However, there are some other side effects you do need to be aware of, just like anything else you might use for medication purposes, or you can read ALL of the published literature and possible side effects by clicking here:

Short term side effects, taken directly from Health Canada, include:

  • confusion

  • sleepiness (fatigue)

  • impaired ability to:

    • remember

    • concentrate

    • pay attention

    • react quickly

  • anxiety, fear or panic

    • paranoia

    • delusions

    • hallucinations

  • if smoking, damaged blood vessels caused by the smoke

  • decreased blood pressure, which can cause people to faint

  • increased heart rate, which can be dangerous for people with heart conditions and can lead to an increased risk of heart attack

Long term side effects (again, directly from Health Canada), many of which are still being researched, include:

  • addiction (although this has been largely dispelled!)

  • memory

  • concentration

  • intelligence (IQ)

  • ability to think and make decisions

  • if you choose to smoke marijuana products, you could have risks like:

    • bronchitis

    • lung infections

    • chronic (long-term) cough

    • increased mucus buildup in the chest

Using cannabis while pregnant can result in lower birth weights, as well as long-term developmental issues in the child, such as decreases in:

  • memory function

  • ability to pay attention

  • reasoning and problem-solving skills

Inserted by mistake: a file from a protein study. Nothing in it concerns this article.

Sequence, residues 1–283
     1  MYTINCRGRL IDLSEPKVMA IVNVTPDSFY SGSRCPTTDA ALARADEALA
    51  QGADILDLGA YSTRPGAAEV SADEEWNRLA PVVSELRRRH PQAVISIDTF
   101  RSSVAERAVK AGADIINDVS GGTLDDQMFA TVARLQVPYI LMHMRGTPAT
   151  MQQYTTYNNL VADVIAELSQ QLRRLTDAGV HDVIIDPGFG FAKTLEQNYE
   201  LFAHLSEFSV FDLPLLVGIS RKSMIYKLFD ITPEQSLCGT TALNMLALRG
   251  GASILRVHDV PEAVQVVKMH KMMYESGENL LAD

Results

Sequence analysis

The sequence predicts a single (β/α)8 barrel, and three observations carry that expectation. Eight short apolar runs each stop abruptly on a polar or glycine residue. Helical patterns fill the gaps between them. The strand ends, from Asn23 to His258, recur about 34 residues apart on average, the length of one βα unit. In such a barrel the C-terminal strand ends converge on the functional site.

• hyperactive behaviour

  • increased risk for future substance use

Note that for side effects like anxiety, fear, or panic, that these come mainly from THC, so if you use CBD, you’re unlikely to feel those. That being said, everyone responds to marijuana differently, even if two people take exactly the same product for the same health issue.

 

This is why I recommend using marijuana for therapeutic effects under the supervision of a medical doctor who is experienced with these types of products and medication. They can make recommendations based on your health history, and help you to measure out the benefits and risks to determine if marijuana is right for you.

 

If you are on other medications, your pharmacist can let you know of any possible interactions.

Different ways to take it

Before I started using CBD oil, I knew it was important to me to be able to control the dosage. In the few times that I had smoked marijuana (like 15+ years ago), I felt good sometimes, and other times, if I smoked a tad too much (I’m talking about a quarter that a normal person would smoke), I would end up on the bathroom floor having a freakout.

Now I know it’s the THC, and almost no amount of it is good for me, but I didn’t know that at the time!

Knowing what I know now, here are some of the ways (because people are constantly inventing new ones!) to take in CBD or medical marijuana: